Health: Why blood donors are drying up

Health Check
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The Independent Culture
IT IS remarkable how freely people open their veins for the sake of others. Ordinary men and women still queue in their dozens at church halls and clinics across the country to make what the eminent social policy academic Richard Titmuss defined more than a quarter of a century ago as "the purest gift of all".

About 10,000 such gifts - of blood - are made each day without fuss, without drama and without expectation of any return (no one would wish to become a hospital patient). Even Tony Hancock finally yielded his "armful". Those who despair of the human condition should take heart. Altruism is far from dead.

But if it is not dead, it is slowly dying, according to the National Blood Service. Attracting new donors is becoming increasingly difficult in the face of rising demand for blood.

The service denies that this is, as yet, a serious problem. It says: "There is no evidence that the donor pool is shrinking dramatically [my emphasis]." It does admit, however, that increasing numbers of would-be donors are being rejected because of more stringent checks, because they may be at risk of HIV or hepatitis.

At the same time as donor support is waning, the pressures on the service are increasing. Ministers have a manifesto pledge to cut waiting lists, and have committed hundreds of millions of pounds to the cause. That means more patients to be treated, more operations performed and more blood used.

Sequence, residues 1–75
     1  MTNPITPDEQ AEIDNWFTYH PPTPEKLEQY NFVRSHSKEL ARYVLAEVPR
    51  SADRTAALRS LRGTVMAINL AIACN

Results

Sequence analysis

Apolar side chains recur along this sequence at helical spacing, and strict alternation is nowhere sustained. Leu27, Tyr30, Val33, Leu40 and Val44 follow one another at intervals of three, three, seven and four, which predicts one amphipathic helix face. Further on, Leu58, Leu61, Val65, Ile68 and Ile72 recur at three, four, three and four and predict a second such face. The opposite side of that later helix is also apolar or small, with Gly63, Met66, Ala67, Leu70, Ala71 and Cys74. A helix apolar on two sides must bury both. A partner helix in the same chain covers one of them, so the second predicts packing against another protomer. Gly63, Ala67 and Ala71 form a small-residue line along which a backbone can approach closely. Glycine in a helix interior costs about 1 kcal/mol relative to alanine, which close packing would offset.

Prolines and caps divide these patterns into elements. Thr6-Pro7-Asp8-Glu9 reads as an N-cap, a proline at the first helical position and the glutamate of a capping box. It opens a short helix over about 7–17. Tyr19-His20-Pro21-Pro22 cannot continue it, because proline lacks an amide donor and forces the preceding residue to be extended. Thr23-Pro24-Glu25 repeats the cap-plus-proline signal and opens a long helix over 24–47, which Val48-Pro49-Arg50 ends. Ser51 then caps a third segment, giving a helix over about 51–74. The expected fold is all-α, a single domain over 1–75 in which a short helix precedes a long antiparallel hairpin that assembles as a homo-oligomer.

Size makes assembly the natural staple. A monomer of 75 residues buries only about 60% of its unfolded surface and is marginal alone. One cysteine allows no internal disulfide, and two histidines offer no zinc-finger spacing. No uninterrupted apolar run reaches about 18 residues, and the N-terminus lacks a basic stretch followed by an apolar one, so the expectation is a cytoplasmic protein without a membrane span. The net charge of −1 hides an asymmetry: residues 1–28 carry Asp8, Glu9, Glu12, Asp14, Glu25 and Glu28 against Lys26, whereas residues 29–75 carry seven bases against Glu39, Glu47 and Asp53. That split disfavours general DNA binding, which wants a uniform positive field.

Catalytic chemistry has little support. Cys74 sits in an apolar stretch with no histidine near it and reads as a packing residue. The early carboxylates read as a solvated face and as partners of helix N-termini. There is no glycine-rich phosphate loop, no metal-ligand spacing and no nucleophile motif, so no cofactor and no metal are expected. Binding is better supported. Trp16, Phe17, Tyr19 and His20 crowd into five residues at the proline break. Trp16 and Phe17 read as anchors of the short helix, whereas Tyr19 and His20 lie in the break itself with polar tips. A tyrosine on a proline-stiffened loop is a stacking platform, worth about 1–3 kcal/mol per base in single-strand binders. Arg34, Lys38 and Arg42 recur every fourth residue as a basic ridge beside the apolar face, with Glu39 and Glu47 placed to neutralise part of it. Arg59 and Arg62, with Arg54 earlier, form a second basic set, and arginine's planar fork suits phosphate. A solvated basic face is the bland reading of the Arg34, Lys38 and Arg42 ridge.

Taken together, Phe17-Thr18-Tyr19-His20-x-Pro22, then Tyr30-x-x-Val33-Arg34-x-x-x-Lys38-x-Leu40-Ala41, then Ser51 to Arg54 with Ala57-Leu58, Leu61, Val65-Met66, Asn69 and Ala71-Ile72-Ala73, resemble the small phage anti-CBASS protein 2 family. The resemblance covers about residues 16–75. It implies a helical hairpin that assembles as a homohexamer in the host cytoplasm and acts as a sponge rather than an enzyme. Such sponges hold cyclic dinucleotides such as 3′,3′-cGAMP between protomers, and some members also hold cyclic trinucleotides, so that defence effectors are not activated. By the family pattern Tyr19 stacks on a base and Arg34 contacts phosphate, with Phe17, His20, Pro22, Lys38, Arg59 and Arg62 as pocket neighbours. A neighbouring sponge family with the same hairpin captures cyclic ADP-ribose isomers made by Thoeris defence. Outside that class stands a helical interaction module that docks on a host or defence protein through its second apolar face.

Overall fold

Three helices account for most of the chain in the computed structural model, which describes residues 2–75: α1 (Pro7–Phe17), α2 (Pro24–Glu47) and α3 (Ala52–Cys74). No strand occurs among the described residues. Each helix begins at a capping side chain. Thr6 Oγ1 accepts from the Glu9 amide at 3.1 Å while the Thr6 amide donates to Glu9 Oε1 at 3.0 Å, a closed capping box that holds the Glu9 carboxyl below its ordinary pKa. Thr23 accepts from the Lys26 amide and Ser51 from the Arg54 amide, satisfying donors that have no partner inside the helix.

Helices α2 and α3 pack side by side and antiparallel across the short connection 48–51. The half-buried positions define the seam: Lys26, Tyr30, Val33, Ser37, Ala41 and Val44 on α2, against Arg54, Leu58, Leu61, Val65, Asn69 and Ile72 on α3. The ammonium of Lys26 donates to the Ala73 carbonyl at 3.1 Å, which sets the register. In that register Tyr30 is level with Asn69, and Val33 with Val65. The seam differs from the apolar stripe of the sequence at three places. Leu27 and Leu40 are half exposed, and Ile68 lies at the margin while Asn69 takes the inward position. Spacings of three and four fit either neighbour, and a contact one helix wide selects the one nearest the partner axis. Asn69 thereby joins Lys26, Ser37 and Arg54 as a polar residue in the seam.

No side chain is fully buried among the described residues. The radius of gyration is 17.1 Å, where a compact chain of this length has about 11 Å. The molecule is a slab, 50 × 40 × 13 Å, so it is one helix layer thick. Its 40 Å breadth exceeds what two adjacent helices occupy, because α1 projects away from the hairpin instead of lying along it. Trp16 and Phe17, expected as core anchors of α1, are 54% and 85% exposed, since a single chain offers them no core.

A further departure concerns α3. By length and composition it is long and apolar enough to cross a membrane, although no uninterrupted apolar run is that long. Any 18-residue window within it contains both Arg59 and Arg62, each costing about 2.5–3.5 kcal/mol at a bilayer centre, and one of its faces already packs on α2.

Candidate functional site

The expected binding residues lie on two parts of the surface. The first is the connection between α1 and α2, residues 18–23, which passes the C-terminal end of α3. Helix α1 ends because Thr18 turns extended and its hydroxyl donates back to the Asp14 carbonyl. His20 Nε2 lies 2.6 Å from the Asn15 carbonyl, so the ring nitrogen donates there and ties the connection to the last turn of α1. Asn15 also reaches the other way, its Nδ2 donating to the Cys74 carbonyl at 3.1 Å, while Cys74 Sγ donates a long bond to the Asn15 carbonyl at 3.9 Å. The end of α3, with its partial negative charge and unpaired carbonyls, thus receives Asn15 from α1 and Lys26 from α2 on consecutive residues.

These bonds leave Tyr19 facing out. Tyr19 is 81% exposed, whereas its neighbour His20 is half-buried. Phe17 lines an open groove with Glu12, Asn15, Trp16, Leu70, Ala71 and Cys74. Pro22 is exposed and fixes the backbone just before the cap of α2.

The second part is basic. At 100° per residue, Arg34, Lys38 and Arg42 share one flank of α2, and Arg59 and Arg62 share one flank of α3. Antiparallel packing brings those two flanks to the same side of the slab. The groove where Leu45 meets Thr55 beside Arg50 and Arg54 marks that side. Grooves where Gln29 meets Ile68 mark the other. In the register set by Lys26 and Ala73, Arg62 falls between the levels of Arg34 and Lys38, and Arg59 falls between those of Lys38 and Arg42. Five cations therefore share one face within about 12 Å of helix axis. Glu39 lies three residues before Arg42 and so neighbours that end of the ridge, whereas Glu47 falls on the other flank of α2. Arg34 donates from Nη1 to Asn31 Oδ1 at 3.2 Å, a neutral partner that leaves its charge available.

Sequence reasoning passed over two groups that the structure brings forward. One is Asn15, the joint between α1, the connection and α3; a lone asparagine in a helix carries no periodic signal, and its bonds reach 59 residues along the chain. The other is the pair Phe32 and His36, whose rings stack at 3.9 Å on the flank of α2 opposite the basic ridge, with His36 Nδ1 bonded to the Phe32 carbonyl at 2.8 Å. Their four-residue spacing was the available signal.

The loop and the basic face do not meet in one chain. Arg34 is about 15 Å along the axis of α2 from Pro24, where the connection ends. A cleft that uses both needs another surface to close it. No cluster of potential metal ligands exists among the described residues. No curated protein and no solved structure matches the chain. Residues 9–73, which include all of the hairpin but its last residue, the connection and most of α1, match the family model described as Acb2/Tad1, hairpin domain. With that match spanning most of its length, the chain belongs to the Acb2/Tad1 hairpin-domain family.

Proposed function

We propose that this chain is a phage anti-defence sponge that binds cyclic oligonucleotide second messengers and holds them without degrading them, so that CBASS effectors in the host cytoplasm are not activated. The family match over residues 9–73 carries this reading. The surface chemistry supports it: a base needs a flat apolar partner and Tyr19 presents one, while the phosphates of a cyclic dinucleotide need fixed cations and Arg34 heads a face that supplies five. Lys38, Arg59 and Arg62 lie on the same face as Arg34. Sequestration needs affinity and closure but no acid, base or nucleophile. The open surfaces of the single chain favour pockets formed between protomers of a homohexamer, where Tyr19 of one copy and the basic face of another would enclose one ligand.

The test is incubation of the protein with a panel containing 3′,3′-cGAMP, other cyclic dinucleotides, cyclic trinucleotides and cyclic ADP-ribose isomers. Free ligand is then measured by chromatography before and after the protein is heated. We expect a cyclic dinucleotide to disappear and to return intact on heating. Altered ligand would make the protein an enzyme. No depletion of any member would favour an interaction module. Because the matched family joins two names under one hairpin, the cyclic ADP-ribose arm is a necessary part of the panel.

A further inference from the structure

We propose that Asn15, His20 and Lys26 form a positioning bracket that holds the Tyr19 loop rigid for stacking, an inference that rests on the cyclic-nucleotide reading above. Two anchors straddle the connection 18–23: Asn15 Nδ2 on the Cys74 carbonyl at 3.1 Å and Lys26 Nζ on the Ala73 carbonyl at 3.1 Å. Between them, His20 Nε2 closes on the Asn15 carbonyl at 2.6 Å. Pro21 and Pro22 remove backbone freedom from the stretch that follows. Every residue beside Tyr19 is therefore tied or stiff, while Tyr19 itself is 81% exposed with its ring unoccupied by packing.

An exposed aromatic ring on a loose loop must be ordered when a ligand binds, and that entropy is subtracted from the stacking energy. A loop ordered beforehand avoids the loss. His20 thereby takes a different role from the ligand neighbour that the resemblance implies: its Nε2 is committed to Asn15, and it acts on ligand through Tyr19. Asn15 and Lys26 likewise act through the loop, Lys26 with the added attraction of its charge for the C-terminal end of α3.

The National Blood Service is sufficiently worried to have commissioned a survey on attitudes to altruism, presented to a King's Fund conference last week. It found people were still ready to give, so long as they could do it easily with the minimum of effort - the kind of conclusion a couple of students might have come up with after a quick check round the college bar.

Professor Titmuss argued in his influential book, The Gift Relationship, published in 1970, that altruism was essential to a healthy society and created social cohesion and social wealth. He added that voluntary blood giving was safer, and cheaper, than paying donors (because of risks that payment would encourage donors to conceal health risks).

The survey did detect signs of a decline in altruism. Since the mid-Seventies, there has been a small but steady fall in the proportion of households that give to charity, from 34 per cent in 1974 to 29 per cent in 1996. There was a more marked decline in volunteering during the Nineties among the under 65s, although it is still higher than in 1981.

What was missing from the survey was any question about attitudes to the blood service itself. It has been through turbulent times in recent years with rows about the sale of blood plasma abroad, a scandal involving leaking blood bags, fears about new blood-borne viruses and a hugely unpopular (with the staff) reorganisation. This was the subject of a damning report earlier this year which led to the sacking of the chairman, and the subsequent departure of the chief executive, John Adey.

We know that these problems have damaged public confidence and turned existing donors away. The blood service has to rebuild that confidence if it is to meet the growing demands.

It may also mean that other avenues, including autologous blood transfusions, in which patients donate their own blood in advance for use in their own operation, need to be explored. In its 50-year history, the NHS has got by, despite shortages of every description. But it cannot do without blood.

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